Through a statement circulated by his public relations officer, Interior Minister Asan Iqbal on Friday said that the Director General of Inter-Services Public Relations (ISPR), Maj Gen Asif Ghafoor, should refrain from commenting on the country’s economic situation, DawnNews reported.
The response seems to have been directed at an interview the military’s spokesman gave to a private TV channel the day earlier, in which he had said that: “If the economy is not bad, it is not doing so well either.”
The remarks followed an address by army chief Gen Qamar Javed Bajwa, given to leaders of Karachi’s business community earlier this week, in which he had stressed that economy stability was tied deeply to Pakistan’s security concerns.
Gen Bajwa had said that Pakistan needs to expand its tax base, bring in financial discipline and ensure continuity of economic policies to be able to break the begging bowl, military’s media wing had reported.
“The economy is showing mixed indicators,” he had said before an audience of businessmen and the military leadership of Karachi at a daylong event organised by the Federation of Pakistan Chambers of Commerce and Industry (FPCCI) and ISPR at the DHA Golf Club on Wednesday.
“Growth has picked up but the debts are sky high. [The situation regarding] infrastructure and energy have improved considerably but the current account balance is not in our favour,” Bajwa was quoted as saying.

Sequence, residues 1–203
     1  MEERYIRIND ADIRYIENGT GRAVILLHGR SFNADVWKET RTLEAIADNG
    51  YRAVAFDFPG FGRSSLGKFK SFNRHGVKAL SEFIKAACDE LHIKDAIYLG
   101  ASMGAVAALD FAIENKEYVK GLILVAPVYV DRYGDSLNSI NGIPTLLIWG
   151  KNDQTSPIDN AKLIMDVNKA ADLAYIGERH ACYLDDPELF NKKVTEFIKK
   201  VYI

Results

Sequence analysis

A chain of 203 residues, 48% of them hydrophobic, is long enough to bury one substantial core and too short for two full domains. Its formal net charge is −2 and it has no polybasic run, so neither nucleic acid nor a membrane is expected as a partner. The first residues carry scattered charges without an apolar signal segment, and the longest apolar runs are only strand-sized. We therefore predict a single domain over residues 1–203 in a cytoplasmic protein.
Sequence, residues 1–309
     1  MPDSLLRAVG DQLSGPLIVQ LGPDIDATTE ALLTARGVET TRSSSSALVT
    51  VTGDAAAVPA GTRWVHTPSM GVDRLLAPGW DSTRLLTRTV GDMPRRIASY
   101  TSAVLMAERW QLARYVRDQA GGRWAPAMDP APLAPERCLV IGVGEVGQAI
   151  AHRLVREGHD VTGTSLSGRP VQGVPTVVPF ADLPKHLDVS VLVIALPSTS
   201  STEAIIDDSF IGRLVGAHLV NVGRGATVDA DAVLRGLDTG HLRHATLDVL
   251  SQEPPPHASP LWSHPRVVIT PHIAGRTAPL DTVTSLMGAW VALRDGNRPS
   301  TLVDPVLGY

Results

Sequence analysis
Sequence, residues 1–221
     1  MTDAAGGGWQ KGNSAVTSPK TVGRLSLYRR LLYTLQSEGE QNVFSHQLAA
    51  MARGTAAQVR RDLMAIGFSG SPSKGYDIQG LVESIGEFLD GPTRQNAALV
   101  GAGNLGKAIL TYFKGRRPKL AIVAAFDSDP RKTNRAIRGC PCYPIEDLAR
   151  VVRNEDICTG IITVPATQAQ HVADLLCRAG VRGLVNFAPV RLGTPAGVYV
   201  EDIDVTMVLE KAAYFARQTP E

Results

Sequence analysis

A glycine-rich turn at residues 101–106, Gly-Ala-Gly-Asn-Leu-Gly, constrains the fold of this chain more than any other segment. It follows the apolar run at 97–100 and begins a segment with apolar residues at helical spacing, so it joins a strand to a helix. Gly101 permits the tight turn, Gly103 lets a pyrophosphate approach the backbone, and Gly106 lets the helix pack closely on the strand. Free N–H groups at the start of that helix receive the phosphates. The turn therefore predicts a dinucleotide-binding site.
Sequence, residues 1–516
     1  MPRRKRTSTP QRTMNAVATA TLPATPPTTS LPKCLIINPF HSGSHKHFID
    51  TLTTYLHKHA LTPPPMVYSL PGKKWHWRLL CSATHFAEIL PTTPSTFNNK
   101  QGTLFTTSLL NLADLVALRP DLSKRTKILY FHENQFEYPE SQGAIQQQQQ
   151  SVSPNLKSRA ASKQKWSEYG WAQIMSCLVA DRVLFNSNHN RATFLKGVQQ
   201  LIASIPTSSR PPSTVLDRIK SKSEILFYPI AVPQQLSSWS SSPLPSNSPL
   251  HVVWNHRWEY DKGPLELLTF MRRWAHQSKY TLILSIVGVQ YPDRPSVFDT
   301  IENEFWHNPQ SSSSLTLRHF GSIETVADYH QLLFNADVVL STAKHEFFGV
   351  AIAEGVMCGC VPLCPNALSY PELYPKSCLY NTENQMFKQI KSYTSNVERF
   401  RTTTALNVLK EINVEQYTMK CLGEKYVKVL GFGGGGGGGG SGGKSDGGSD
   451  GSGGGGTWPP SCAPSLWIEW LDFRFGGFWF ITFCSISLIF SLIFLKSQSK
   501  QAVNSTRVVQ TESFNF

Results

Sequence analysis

The closest Gen Bajwa came to identifying economic priorities was when he stressed the need for widening the tax base, bringing in fiscal discipline and ensuring continuity of economic policies.
“Pakistan’s economy is stable,” Ahsan Iqbal asserted in response to those statements. “Irresponsible statements will bring disrepute to the country,” Iqbal added, claiming that the economy today was doing a lot better than it was in 2013.
It is pertinent to mention that the World Bank has also warned that macroeconomic risks in Pakistan have increased substantially during fiscal year 2017, as the external balance is particularly vulnerable given the persistent current account deficit, affecting the country’s reserve position.
Pakistan’s weaker macroeconomic discipline has led to vulnerabilities in the balance of payments. Since the International Monetary Fund (IMF) programme came to an end, external indicators of the economy have deteriorated, says ‘The South Asia Economic Focus Fall 2017’ released earlier this month, ahead of the World Bank and IMF annual meetings.